RealtyTrac: Foreclosure Filings Set New Record In July

Real Estate Broker/Owner

According to RealtyTrac, foreclosure filings set a new record in July as they rose 7% from June and are up 32% year over year.

According to James J. Saccacio, RealtyTrac's chief executive, "July marks the third time in the last five months where we've seen a new record set for foreclosure activity".

In other words, despite calls of a housing bottom by CNBC's Jim Cramer and even the AP, the housing market is still deteriorating and home values are still eroding.

This escalation of foreclosure activity also brings into question the effectiveness and long-term sustainability of the Obama Administration's $75 billion loan modification program which has under-performed due to weak participation by major banks, namely Bank of America and Wells Fargo. 

Ironically, both Bank of America and Wells Fargo have been hit by massive surges in the amount of non-performing loans during their recent quarterly earnings reports.  Wells Fargo showed a 45% increase in non-performing assets when compared to the first quarter.  Bank of America's non-performing assets jumped 21% from the first quarter.  

What all of this data points to is that foreclosures, in addition to driving down home values, are also continuing to put pressure on bank's balance sheets

Assuming that banks actually do participate in the loan modification process, and that remains to be seen, it is only a temporary stop-gap measure.  The greater systemic risk to the housing market is that home values are still falling and more homeowners are being plunged underwater.

Deutsche Bank is estimating that approximately half of all mortgages will be underwater by 2011.  

The solution is for a new fiscal policy, the reform of Tax Reform Act of 1986, that would stimulate sufficient demand for real estate to absorb the excess housing inventory that contninues to erode property values.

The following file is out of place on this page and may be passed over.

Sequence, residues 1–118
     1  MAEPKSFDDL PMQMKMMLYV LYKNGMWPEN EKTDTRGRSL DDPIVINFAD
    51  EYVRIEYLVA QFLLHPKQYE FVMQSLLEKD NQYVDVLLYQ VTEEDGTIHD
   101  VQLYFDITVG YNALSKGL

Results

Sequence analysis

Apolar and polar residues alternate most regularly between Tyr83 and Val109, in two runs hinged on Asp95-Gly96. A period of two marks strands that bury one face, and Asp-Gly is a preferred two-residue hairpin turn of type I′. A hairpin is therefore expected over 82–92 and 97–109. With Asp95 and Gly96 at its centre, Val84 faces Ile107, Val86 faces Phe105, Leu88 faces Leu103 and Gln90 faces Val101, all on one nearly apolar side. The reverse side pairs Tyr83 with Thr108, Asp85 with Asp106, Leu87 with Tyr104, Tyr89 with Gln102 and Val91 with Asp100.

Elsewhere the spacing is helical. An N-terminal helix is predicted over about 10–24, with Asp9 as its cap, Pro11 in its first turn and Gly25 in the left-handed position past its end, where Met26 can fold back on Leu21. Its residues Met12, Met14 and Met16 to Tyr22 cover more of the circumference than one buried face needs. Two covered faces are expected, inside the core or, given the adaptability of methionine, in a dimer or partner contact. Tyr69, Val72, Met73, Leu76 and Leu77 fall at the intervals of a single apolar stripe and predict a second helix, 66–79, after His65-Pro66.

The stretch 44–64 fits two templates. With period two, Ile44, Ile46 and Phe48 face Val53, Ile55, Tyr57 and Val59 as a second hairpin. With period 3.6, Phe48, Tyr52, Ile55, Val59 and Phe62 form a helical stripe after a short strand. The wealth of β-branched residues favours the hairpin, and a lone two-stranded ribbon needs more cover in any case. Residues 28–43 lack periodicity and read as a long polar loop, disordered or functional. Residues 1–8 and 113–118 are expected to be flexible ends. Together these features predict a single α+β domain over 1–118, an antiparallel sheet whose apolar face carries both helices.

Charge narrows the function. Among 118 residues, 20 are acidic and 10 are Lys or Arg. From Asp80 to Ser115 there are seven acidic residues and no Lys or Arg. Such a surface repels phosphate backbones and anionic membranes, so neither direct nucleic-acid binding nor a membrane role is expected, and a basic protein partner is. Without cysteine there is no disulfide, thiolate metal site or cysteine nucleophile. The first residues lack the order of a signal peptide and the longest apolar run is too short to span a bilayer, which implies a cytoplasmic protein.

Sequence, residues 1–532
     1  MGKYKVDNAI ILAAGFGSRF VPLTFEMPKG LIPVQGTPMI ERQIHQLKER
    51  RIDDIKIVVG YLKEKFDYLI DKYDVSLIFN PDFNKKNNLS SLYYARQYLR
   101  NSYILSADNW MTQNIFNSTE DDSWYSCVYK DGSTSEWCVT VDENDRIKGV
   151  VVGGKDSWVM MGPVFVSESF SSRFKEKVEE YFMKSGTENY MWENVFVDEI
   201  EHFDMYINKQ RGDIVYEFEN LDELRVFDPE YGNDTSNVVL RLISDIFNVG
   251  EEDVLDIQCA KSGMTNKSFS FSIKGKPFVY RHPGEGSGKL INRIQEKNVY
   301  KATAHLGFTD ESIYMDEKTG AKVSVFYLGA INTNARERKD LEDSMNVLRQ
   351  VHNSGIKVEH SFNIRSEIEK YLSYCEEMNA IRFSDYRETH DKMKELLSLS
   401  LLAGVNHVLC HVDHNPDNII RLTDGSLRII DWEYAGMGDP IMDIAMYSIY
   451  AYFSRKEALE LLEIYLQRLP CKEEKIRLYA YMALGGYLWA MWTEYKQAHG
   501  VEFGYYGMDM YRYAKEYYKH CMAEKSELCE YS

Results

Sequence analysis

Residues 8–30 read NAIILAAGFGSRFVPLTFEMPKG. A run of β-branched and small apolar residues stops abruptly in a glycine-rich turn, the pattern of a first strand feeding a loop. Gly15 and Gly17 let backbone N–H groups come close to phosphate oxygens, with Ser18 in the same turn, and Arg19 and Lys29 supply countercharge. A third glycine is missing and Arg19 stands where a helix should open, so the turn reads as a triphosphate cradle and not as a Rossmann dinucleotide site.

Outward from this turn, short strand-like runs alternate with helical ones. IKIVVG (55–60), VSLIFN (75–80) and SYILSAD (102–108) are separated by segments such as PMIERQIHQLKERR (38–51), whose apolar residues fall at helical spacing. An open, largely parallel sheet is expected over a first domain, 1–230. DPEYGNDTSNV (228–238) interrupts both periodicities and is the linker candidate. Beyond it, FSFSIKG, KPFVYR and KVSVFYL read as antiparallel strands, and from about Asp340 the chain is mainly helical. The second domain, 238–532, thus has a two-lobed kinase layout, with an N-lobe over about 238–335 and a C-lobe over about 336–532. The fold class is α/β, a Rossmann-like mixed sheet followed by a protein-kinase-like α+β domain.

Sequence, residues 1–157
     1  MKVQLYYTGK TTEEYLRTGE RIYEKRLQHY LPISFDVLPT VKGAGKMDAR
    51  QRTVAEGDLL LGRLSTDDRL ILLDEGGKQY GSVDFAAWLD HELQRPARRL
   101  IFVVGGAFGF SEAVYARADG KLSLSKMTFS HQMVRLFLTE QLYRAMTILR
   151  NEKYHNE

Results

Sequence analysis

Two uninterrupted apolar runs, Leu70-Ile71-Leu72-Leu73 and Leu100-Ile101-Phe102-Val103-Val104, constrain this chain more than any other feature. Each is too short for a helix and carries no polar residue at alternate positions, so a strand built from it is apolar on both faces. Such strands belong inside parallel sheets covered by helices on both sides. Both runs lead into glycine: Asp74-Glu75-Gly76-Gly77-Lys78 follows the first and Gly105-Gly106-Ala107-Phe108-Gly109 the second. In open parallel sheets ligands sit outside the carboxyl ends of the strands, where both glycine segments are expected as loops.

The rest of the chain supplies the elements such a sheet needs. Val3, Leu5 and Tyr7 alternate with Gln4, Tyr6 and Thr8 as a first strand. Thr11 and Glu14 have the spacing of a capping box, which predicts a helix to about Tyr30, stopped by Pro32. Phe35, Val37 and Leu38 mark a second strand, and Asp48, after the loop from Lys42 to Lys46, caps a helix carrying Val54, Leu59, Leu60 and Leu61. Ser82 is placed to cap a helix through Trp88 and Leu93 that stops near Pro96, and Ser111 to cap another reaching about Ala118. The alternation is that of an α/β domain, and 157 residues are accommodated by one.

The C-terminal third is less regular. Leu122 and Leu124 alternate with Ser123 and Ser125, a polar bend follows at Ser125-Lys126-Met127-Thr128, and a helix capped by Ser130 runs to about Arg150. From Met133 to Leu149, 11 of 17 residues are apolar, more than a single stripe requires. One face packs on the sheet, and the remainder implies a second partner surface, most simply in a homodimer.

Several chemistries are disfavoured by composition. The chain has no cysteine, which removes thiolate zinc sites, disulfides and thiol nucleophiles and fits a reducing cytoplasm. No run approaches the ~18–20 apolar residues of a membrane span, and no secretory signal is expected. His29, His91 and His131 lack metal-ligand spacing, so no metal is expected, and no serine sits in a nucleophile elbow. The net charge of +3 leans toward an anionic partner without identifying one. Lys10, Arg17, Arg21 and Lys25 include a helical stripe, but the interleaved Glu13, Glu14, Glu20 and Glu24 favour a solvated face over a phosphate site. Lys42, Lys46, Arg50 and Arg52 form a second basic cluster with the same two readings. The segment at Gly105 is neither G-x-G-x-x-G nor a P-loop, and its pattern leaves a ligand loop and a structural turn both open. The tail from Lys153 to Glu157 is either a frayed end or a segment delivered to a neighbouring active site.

Comments (4)

Charlie Ragonesi - Big Canoe, GA
Homes - Big Canoe, Jasper, North Georgia Pros

This is a really good post. B of A cannot do anything right from managing risk in this market to dealing with short sales. I am not sure your return to a different tax code is the answer . But it may be one of them

Aug 13, 2009 12:33 AM
Mark MacKenzie
Phoenix, AZ

Charlie:  Thanks for the comment.  We need more demand.  Loan modifications are not a long-term fix.  While lower rates and an $8,000 first time home buyer tax credit have helped to stabilize demand, they have done little to keep pace with surging foreclosure activity.  The supply of homes continues to outpace the demand for them.  This means home values go lower...which means more foreclosures.

Aug 13, 2009 12:37 AM
Eric Murrietta
Homeowners Financial Group USA, LLC - Scottsdale, AZ

I agree with the assessment that the foreclosures are going to continue to drive down the market.  More importantly is the fact that the loan modification government program has only proved to help 400K of the 2.7 million that are eligilble.  That is staggering.  I understand that is a lot of people that need loan modifications but what's the point of the program if even those who are eligible aren't using it.  They will eventually become impatient and...maybe walk away.  It's sad these large banks won't do more to implement the program. 

Aug 13, 2009 06:18 AM
Sharon Alters
Coldwell Banker Vanguard Realty - 904-673-2308 - Fleming Island, FL
Realtor - Homes for Sale Fleming Island FL

Mark, I had read about Deutsche Bank's prediction. It's hard to understand why BofA and Wells don't want to work with the loan modifications.


Aug 14, 2009 10:25 AM